At which point, Grover, CEO of Attack Athletics in Chicago, will be spending a lot more time in the 714 area code than in the 312.
Grover was watching the Warriors-Lakers game on TV when he saw Bryant go down Friday. “I saw the play and I saw what he grabbed for, and the first thing in my mind was, ‘It looks like an Achilles,’ ” he said. “There is no miracle cure for that one. You’ve got to sit down and go through the process. It changes everything. Out with the old script, in with the new. My hands-on stuff doesn’t really start until the immobilizers are off the foot.”
None of the many NBA players with whom he’s worked faced rehab from Achilles surgery, Grover said. However, he has been consulting on Olympic hurdler Liu Xiang‘s protracted comeback in China from a second Achilles tear; the 2004 gold medalist missed the 2008 Games, then blew out the same tendon in London last summer.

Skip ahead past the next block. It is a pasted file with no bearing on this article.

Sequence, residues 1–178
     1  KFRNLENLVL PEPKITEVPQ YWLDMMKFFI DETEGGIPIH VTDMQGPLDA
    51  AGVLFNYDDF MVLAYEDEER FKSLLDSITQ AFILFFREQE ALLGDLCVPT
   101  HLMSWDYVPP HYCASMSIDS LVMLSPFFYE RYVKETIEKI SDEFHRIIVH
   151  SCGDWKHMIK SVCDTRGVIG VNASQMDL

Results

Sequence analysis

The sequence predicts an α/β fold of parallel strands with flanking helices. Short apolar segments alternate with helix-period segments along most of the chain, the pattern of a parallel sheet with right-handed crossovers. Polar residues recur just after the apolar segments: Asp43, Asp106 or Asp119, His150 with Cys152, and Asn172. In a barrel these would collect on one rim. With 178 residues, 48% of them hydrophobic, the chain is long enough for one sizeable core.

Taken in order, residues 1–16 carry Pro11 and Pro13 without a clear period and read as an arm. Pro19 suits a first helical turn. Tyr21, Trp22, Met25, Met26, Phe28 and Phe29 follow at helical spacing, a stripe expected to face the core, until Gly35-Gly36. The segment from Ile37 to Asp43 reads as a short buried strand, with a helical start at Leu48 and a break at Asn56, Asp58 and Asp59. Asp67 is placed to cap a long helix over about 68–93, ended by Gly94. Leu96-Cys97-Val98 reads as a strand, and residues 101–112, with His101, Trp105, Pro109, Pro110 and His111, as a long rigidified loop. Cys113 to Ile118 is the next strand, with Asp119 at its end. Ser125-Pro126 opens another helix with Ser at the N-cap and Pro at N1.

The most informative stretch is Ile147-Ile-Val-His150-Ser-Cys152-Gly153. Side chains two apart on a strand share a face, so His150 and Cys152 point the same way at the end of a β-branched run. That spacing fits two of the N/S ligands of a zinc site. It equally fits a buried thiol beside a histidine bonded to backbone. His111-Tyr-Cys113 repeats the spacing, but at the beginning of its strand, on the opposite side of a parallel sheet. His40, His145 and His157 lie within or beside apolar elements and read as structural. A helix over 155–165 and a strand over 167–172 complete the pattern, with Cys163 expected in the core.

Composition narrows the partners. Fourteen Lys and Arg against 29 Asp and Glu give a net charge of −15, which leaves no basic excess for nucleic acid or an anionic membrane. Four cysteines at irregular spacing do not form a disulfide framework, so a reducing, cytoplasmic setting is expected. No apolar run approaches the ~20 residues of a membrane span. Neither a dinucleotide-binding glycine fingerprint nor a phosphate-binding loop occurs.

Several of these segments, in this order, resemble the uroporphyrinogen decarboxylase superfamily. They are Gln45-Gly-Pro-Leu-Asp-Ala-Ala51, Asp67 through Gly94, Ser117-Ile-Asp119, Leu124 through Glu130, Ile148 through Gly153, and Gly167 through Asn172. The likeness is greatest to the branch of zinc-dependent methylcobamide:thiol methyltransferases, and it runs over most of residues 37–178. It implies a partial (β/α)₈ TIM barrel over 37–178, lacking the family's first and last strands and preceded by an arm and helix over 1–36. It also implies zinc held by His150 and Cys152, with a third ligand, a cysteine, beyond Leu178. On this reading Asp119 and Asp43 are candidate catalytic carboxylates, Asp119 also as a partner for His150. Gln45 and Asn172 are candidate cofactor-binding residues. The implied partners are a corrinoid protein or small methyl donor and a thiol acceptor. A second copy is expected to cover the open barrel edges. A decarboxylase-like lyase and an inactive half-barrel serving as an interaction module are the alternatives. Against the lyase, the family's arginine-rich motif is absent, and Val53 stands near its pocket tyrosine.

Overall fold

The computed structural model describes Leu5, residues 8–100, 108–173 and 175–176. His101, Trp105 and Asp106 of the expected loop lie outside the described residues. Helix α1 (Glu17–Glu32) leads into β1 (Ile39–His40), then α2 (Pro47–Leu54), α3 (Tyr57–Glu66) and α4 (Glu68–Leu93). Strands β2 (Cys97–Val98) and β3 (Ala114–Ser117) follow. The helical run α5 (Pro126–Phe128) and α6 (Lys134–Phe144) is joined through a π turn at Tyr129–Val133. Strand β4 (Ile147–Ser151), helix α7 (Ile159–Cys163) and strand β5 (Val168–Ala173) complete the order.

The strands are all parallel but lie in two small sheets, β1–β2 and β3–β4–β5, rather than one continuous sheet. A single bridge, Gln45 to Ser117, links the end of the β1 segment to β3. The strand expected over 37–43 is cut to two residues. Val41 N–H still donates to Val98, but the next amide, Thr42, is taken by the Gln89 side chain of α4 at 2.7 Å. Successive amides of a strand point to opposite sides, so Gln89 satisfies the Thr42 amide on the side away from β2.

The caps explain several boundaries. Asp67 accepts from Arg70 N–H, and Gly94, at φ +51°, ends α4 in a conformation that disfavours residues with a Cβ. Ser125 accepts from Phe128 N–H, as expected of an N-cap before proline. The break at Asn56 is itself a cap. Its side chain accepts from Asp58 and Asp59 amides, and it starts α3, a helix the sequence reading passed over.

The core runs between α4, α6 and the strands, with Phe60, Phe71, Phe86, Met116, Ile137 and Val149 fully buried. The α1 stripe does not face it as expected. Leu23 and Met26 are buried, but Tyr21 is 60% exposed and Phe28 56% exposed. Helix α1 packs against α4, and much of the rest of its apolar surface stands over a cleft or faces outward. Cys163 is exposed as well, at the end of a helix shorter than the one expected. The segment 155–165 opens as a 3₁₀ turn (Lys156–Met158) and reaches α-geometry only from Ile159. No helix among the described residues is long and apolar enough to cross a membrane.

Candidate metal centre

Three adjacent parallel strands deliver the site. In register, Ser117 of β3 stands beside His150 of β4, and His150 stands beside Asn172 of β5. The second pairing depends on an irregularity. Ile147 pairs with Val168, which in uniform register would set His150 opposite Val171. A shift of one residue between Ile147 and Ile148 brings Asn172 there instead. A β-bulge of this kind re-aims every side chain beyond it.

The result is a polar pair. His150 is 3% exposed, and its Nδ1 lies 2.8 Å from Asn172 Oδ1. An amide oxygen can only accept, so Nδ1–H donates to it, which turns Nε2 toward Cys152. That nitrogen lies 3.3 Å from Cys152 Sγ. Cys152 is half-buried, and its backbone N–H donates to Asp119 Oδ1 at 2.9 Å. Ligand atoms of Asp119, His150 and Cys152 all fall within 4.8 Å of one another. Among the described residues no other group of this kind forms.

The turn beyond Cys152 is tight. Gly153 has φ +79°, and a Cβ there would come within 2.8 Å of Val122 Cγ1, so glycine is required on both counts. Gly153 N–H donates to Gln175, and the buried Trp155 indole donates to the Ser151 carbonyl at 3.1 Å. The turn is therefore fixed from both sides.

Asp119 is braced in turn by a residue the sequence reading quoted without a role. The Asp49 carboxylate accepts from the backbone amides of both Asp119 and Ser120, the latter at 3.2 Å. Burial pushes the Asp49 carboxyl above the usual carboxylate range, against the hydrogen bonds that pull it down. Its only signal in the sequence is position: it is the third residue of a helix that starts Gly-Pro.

Grover’s experience with Liu’s re-injury and with others who have endured such tear puts him at odds with critics and other speculators on social media that Lakers coach Mike D’Antoni or Bryant himself pushed too hard, through too many minutes, in their team’s desperation to chase a Western Conference playoff berth.
“The one thing about an Achilles, it can happen any time, under any stress movement,” Grover said. “You could walk off a sidewalk and pop your Achilles. It’s just one of those injuries. People get hurt. I can’t blame anyone for this. I don’t think it had anything to do with the minutes he was playing. It’s a freakish injury that just happened.”